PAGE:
Making Pie in the Microwave


Yesterday was one of my grandson’s fifth birthday. He had told his mom he would like a pie instead of cake (a typical request in our family) but he couldn’t decide just which kind, so maybe he should just be surprised.

Xavier loves fruit, so I knew that we’d go in that direction for a filling. Then, because we’d have quite a few family members sharing dinner, I knew that two would be better than one; now, to decide on two choices that would be economical, welcomed by all…and a surprise.

The first choice was not really a surprise–raspberries from the backyard are almost ubiquitous on the dessert menu. Even though we are in the month-long gap between crops, there are plenty of berries in the freezer to draw from, so that would be one of the pies.

Green grapes are on special this week at almost all the stores, some for as little as 88 cents a pound. That brought back memories of a pie I first made decades ago and hadn’t tried for years. This time I decided to update it using the microwave, and the result was a pie that was impressive in its appearance, better in its flavor and, best of all, relatively inexpensive and easy.

Each of the pies was cut into twelve thin wedges, just in case anyone would like to try a bit of both; good plan, as the dual option was the choice of everyone at the party. The red and green slices on the plates were festive and could easily be duplicated in December for a Christmas color scheme.

Some Miscellaneous Hints to Remember:

Don’t be put off by the multiple layers of the grape pie; You can use the same bowl for both the custard and the glaze if you scrape it well first.

I have found that thickening flour or cornstarch mixtures in the microwave is far easier than on the stove top, with fewer lumps and consistently smoother consistency. Just a couple of things to remember–be sure to use no more than MEDIUM power and stir often.

And, whether on the stove top or in the microwave, the method for mixing eggs into a hot custard is always the same–have the eggs beaten enough that you can no longer see uncombined whites and then pour a little of the hot mixture into the egg. Stir this together well before adding it back to the rest of the hot custard. If you just pour the egg into the hot mixture, the egg begins to set as soon as it hits and you are likely to have little bits of “scrambled egg” lumps throughout your custard. Learn this little trick (which really takes no more time or bowls) and you’ll be on your way to making lots of wonderful sauces without fear of lumps.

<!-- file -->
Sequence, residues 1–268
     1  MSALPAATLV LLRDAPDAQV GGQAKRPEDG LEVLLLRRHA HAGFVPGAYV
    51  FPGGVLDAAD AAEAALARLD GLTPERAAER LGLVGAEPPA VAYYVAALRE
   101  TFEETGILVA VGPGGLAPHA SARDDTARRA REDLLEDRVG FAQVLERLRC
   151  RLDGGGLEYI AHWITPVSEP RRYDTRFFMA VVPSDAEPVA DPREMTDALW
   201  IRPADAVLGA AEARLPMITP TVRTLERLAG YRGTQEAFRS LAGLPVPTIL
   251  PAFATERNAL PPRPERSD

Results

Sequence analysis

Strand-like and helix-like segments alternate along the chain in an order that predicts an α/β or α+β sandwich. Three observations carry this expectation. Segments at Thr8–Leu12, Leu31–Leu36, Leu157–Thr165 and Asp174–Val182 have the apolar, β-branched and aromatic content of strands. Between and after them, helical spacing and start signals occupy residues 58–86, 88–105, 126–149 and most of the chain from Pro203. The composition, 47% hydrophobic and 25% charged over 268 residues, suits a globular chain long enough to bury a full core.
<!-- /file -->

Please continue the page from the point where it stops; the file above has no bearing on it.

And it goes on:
Surprise Grape Pie

3/4 c orange juice (you can use juice made from frozen concentrate as well as fresh-squeezed)
2 1/2 T flour (OR:  1 1/2 T cornstarch for the flour)
1/2 c sugar
1 egg

1. Stir the flour and sugar together in a large microwave-safe bowl. Gradually add the orange juice.
2. Microwave, loosely covered, on MEDIUM power for about 2 to 2 1/2 minutes, stirring about every minute or so. The mixture should boil up and become thick.
3. Beat the egg with a fork just enough so that the egg yolk and white are thoroughly mixed.
4. Pour a tablespoon or so of the hot orange juice mixture into the egg and stir to combine. Pour this mixture back into the rest of the orange juice mixture and return it to the microwave. Cook on MEDIUM power another minute, or until the mixture once again begins to bubble.
Set aside to cool.

1 c water
1/2 c sugar
4 t cornstarch

Stir the sugar and cornstarch together and then gradually add the water.
Microwave on MEDIUM power for about 2 minutes, stirring several times. The mixture will boil up and become translucent. Set aside to cool.


1 9 inch baked pie crust
Approximately 1 pound green grapes, washed, stemmed, and cut in half
1 orange

1. Pour the cooled custard into the baked pie shell.
2. Lay the grapes, cut side down, in concentric rings, over the pastry. Place the grapes so that the custard is completely covered.
3. Pour the glaze over the grapes.
4. Wash the orange well. Cut it into quarters and then thinly slice the quarters. Place around the edge of the pie.
5. Chill well before serving. Store in the refrigerator.


This raspberry pie also uses the microwave and is a good one any time you have raspberries in the freezer. Could you make it with fresh raspberries? Of course. Just put raspberries in a cup and then add water around them to come up to the one cup measure. Cook for a few minutes until the berries have released all their juices and then proceed with the recipe.

Raspberry Pie

1 baked 9 inch pie crust
4 to 5 c frozen raspberries, slightly thawed–best if not completely thawed
3/4 c sugar
3 T corn starch
1 T lemon juice (may use reconstituted)

1. Combine the sugar and cornstarch, mixing thoroughly.
2. Measure 1 cup of the juices of the thawing raspberries into a large microwave-safe bowl. (If you don’t have quite a cup of juice, you may add a bit of water to reach the one cup level.) Gradually stir in the sugar and cornstarch mixture.
3. Microwave on MEDIUM for 3 to 4 minutes, stirring occasionally, until the mixture bubbles up and is thick and translucent. Remove from microwave and stir in the lemon juice. Allow to cool for a few minutes.
4. Fold the remaining berries into the cooked mixture and pour into the prepared pie shell. Chill before serving.

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